After a devastating cancer diagnosis, Michael spent his days undergoing treatment and dreaming of being able to get back to his normal life. Now, 30 years after his wish, Michael is a volunteer wish granter who helps kids just like him discover their one true wish.
“I probably have more memories of my wish than the five years of treatment and chemotherapy,” said Michael, who traveled to Walt Disney World with his family when he was 5 years old.
In fact, just looking forward to his wish gave Michael hope after cancer took away his childhood.
“Michael started kindergarten then relapsed right at the end of the treatment. At that point we weren’t getting much good news,” said Michael’s mom, Julie. “He was on some really heavy chemo at the time and we were at the hospital about four days a week. He wasn’t able to go to school anymore so he couldn’t see his friends and I remember that’s when Make-A-Wish came to visit us.”
Michael wished to go to Walt Disney World because he often watched Disney movies when he was in the hospital and he’d never been there before - and the trip was everything he imagined.
“I remember getting picked up by the limo and the driver did the Donald Duck voice the whole way there,” he said with a laugh. “We had front-of-the-line passes for every ride and going to the theme parks and having breakfast with the characters are such positive memories for me now, even 30 years later.”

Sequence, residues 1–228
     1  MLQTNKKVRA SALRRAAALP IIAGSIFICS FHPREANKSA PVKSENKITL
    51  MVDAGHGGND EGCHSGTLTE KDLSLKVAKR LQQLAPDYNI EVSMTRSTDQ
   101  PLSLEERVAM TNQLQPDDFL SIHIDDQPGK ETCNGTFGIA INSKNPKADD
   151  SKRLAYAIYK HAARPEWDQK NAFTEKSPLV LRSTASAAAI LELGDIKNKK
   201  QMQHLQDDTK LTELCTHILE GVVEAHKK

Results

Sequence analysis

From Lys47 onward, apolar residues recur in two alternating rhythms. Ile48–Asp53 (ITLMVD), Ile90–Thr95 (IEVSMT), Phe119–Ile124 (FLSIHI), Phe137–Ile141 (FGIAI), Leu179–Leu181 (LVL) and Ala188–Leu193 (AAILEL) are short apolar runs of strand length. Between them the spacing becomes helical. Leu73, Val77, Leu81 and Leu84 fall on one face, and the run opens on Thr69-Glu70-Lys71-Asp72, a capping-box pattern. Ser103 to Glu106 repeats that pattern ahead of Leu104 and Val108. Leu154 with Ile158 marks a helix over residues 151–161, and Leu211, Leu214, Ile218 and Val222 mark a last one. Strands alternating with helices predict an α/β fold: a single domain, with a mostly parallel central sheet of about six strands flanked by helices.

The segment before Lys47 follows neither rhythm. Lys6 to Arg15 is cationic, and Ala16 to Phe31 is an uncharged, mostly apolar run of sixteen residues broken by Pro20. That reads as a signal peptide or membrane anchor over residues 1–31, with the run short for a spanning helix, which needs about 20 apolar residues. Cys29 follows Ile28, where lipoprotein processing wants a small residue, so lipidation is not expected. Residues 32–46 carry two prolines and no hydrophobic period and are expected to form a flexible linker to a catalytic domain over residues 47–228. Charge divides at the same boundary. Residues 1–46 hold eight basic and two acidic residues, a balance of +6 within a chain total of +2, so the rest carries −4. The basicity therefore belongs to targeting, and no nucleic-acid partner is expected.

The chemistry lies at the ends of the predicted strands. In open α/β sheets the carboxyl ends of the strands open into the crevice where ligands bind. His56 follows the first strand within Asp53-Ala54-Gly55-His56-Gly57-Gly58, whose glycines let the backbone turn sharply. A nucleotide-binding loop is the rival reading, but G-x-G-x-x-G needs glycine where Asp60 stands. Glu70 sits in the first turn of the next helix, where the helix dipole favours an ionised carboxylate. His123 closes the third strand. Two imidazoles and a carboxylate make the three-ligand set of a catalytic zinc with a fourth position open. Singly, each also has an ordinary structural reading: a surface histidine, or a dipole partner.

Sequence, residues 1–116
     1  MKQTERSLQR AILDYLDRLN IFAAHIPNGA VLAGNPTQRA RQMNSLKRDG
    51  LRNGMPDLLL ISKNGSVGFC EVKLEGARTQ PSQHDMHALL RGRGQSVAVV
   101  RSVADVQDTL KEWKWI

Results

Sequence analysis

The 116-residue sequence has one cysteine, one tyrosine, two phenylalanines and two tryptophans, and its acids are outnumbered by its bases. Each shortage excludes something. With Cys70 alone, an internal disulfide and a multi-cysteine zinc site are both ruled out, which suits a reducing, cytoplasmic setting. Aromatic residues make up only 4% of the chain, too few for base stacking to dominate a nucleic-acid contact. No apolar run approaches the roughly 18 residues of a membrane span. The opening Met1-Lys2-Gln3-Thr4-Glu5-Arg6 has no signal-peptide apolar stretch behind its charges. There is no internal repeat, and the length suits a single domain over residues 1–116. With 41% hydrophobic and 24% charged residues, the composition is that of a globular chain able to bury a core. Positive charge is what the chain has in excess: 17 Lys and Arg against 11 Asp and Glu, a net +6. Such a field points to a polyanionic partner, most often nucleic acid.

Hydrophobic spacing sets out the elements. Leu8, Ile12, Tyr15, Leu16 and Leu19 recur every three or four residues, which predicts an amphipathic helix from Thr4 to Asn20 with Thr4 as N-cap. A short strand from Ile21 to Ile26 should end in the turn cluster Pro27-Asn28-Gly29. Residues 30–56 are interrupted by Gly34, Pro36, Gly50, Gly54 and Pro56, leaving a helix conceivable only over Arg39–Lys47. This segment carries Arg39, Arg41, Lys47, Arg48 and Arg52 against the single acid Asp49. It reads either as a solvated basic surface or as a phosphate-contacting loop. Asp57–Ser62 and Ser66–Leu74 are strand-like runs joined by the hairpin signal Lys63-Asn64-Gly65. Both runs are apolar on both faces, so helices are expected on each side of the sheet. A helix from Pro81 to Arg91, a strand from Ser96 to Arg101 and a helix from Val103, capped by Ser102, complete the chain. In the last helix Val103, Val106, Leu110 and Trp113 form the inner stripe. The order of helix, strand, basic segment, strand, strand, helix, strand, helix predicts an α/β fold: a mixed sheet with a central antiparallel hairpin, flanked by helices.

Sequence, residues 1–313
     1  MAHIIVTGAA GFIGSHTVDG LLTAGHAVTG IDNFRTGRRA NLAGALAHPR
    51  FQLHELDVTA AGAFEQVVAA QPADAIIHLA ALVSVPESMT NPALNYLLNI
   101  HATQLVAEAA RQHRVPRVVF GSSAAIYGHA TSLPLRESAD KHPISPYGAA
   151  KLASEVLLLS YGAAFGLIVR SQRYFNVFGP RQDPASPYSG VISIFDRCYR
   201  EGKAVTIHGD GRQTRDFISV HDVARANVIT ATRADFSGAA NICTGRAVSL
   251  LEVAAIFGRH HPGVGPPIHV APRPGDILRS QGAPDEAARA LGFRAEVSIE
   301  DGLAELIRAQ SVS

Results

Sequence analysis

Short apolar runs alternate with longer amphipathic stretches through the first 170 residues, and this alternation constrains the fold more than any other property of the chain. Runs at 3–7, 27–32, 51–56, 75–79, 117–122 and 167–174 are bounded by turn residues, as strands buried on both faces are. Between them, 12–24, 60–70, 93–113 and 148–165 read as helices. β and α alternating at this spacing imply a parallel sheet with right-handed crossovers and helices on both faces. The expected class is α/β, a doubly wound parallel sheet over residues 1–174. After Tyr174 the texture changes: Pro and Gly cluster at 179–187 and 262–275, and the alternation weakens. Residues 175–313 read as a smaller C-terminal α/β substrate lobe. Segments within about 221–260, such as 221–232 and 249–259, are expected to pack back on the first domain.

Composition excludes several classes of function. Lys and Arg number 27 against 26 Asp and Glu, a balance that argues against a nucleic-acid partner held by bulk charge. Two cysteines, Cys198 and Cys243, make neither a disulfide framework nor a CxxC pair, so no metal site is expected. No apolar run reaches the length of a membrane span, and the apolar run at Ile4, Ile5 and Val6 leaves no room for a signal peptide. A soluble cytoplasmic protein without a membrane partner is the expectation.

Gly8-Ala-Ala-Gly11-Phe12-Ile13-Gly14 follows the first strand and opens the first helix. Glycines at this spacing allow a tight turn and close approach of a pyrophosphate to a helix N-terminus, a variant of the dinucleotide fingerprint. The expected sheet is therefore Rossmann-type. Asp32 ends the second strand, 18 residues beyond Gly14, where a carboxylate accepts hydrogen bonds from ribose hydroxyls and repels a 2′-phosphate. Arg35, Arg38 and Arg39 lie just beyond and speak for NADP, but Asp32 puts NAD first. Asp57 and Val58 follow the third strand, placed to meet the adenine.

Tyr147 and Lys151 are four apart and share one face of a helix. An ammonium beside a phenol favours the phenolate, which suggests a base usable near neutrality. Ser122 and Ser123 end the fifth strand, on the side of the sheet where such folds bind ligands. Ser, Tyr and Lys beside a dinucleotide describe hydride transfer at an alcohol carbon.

“It was a fantastic break from everything,” said Julie. “A lot of the memories of hospitals and treatment kind of blurred and we remember the good things. Michael was back to being a kid again, which was something we really needed.”
Today, Michael and his mom are Make-A-Wish Arizona volunteers and they recently granted their first wish together.
“I decided to become a volunteer to see what I could do to give back because of everything I’d heard about the organization and the experiences I remember from my wish,” said Michael, who has already granted seven wishes.
While Make-A-Wish has grown to be a worldwide organization, both Michael and Julie believe it hasn’t changed much since their experience in 1989.
“It still feels like that same personal experience when Michael received a wish,” Julie said. “I think we can understand what the parents are going through and what pressure they’re under, and it’s helpful for them to see somebody who was a wish kid that has now grown up and made it through their illness.”
“I haven’t found this kind of connection at most other places I’ve worked or volunteered,” said Michael. “Now I have the chance to give someone else the same happy memories that I had and I’m grateful that I can give that back to someone else.”